Of course, once she realizes she derives pleasure from humiliating an anal retentive beta-male (nothing says beta like a white man married to an Asian woman!) by calling him gay and making him wear a woman’s apron and lipstick, Eva finds her natural calling as a ball-crushing and fag-flagellating dominatrix. Eva even expresses her love to Chris in a somewhat sadistic manner by telling him that she loves him because his eyes are too blue, his nose is too large, and his mouth is too narrow, but not without finishing him off with a blowjob. Not long after, Eva and Chris rent out a flat together which they use as their own live-in brothel, but naturally problems arise when the two lovers regularly see each other having sex with customers, but to be fair, the lady of the house never screws her Johns, but merely beats the shit out of them, including a brutal scenario where she crushes a man’s fingers by stepping on them with stilettos. With the help of cultured colon-choker Kurt, Eva and Chris are even able to pretend to be members of high society while entertaining intellectuals and scholars. Eva even tells some pompous dinner guests that she is writing a thesis on “melancholy and boredom” and Chris purports to be a ‘freelance photographer’ (his specialty being ‘ID photos’). As Chris states, “Eva and I love the same books, the same films and the same music. We think and feel always the same. We are ideal lovers,” and, indeed, he is right, but trouble arises when he confesses his dream of opening a restaurant with Kurt. Additionally, a conflict of interest brews when Eva tells Chris she wants to have a daughter (with blonde hair, like when “she was a child”), but when the kind gentleman asks her to marry him, she states she is not the kind of woman that wants to get married. After fighting with Eva over the fact that she gets paid for “disdaining men,” Chris goes to a Querelle-like gay bar (incidentally, director van Ackeren played a small role in Fassbinder’s 1982 adaptation of the Genet novel) with Kurt and dances like a gay robot to some Kraftwerk-esque synth song. Over time, the bizarre love triangle between Eva, Chris, and Kurt turns into an all out war. Eva attempts to intimidate Kurt by stripping in front of him, which disarms the dandy fairy, but he has a lot of money and Chris needs his sugar daddy so he can achieve his lifelong dream of opening a restaurant. Without asking his girlfriend's permission, Chris uses his and Eva’s money, which is in a joint bank account, to buy a restaurant, which inevitably destroys what is left of their relationship. After Eva refuses to kiss Chris, he punches her in the face, douses her with vodka, and sets her on fire with a lit candle, thus turning her into a literal “woman in flames” (or not). In the end, Eva is somehow still alive and empowered by the fact she is an ‘independent woman’ (or something), even visiting her ex-boy toy Chris’ restaurant just to spite him.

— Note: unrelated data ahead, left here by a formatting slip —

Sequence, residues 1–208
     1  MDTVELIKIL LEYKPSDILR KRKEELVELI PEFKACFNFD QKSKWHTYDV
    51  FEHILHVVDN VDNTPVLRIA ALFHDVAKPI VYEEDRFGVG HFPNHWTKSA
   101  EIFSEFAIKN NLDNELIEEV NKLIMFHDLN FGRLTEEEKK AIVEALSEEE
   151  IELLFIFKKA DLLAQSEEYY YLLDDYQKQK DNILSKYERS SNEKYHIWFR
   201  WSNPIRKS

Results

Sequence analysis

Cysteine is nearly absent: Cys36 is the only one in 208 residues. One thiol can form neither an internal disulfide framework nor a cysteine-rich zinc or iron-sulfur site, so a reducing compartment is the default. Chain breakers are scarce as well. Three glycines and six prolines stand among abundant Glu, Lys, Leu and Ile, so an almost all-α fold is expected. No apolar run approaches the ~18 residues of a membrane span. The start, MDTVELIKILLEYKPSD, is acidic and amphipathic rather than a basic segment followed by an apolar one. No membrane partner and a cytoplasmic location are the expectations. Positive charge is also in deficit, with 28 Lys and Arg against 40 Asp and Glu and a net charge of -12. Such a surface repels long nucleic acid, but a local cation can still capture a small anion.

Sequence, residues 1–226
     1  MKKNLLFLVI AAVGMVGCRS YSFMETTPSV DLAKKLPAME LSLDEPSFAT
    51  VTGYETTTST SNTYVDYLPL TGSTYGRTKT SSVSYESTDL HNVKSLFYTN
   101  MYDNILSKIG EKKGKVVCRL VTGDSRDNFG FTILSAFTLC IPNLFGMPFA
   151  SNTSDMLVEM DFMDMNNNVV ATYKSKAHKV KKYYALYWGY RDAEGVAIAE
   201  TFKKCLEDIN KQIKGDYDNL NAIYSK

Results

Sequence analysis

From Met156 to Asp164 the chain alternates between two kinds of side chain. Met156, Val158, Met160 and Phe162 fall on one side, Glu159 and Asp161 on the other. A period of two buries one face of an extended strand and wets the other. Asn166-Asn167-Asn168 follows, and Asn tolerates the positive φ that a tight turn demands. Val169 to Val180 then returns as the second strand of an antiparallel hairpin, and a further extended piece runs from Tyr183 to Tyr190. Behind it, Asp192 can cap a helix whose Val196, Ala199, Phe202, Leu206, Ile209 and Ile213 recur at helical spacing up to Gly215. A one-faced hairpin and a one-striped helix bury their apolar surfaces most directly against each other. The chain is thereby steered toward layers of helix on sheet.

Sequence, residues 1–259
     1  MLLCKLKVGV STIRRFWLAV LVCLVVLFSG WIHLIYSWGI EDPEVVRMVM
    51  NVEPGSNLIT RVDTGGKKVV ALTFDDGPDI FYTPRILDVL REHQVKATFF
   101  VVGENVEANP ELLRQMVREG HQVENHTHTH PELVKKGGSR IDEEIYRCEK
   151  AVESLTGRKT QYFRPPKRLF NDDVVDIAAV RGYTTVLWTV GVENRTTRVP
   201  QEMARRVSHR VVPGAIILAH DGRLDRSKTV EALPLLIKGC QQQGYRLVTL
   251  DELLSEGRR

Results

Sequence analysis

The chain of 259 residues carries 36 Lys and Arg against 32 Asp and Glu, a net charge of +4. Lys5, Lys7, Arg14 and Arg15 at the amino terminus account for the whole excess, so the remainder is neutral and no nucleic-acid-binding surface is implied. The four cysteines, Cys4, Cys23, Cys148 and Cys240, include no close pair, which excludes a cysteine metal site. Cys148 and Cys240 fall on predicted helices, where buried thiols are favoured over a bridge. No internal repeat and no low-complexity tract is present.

Featuring a musical score by Fassbinder’s best friend/main composer Peer Raben and a small performance from German dandy auteur Werner Schroeter’s muse Magdalena Montezuma as an uptight bourgeois type, A Woman in Flames is technically a work of German New Cinema, but with its too-slick production values, Basic Instinct-esque eroticism, and quite clear appeal to pompous perverts who do a lot of wine-sniffing, A Woman in Flames seems more like a blue movie for impotent bluebloods and upper-middleclass types suffering from a midlife crisis than a serious work of celluloid art. Of course, I am sure there are many bourgeois feminists and cuckolds out there that could come up with a clever argument as to why A Woman in Flames is a piece of socially empowering and sexually liberating work that portrays the ghastly traditional institution of marriage as something worse than prostitution and ‘female empowerment’ as more important than being with someone you love. Ultimately, A Woman in Flames is a film about marginally attractive individuals with majorly appalling and rather repulsive personalities who inevitably reap what they sow, thus they deserve not even the smallest inkling of the viewer’s sympathy. While protagonist Eva of A Woman in Flames flirts with the idea of a having daughter, she knows deep down that she is and will always be a lonely streetwalker with an incapacity for normal love. As Otto Weininger described in Sex and Character, “The prostitute is the great seductress of the world, the female Don Juan, the being in the woman that knows the art of love, that cultivates it, teaches it, and enjoys it,” yet Eva goes a step or two further as someone who derives great pleasure from humiliating and torturing men and she does a great job doing it, but she would probably make about as good a mother as Jeffrey Dahmer would make a father. As she demonstrates when she contemptuously tells her lover Chris when breaking off their relationship, “I fell in love with a gigolo… I don't want to grow old with the owner of a restaurant,” Eva is the sort of woman who would rather be in a relationship with a capitalist cocksucker with AIDS than be with a clean man who runs a legitimate business. When comparing the sort of men that hookers are attracted to, Weininger argued, “The prostitute, on the other hand, is most attracted by a careless, idle, dissipated man. A man that has lost self-restraint repels the mother-woman, is attractive to the prostitute. There are women who are dissatisfied with a son that is idle at school; there are others who encourage him. The diligent boy pleases the mother-woman, the idle and careless boy wins approval from the prostitute type.” Indeed, it is no coincidence that the sort of men Eva gets paid to beat as a dominatrix are rich businessmen and the men she enjoys sharing carnal knowledge with are degenerates who blow old men for money.
With prostitution being made totally legal in Germany in 2002, A Woman in Flames now seems rather outmoded, yet the film is still marginally ‘important’ in its depiction of how far the Fatherland has degenerated since having ‘democracy’ forced on it after the Second World War. While Rainer Werner Fassbinder did a much better job with his BRD Trilogy (The Marriage of Marian Braun, Veronika Voss, Lola) in depicting how the chaos of World War II and the subsequent “Wirtschaftswunder” (“Economic Miracle”) forced an entire generation of German women to become both literal and/or figurative whores and turned an entire generation of men into cuckolds, betas, and bitches, A Woman in Flames goes a couple steps further in its explicitness as a cinematic work that is more a symptom of the cultural decay it portrays and glorification of prostitution as opposed to a critique of such things. As a filmmaker who would direct two porn flicks, Deutschland privat - Eine Anthologie des Volksfilms (1980) and Deutschland privat - Im Land der bunten Träume (2007), utilizing footage sent to him from couples around Germany who wanted their homemade sextapes forever immortalized, director Robert van Ackeren certainly deserves credit as Deutschland’s foremost anti-völkisch pornographer!
Posted by Soiled Sinema at 8:38 PM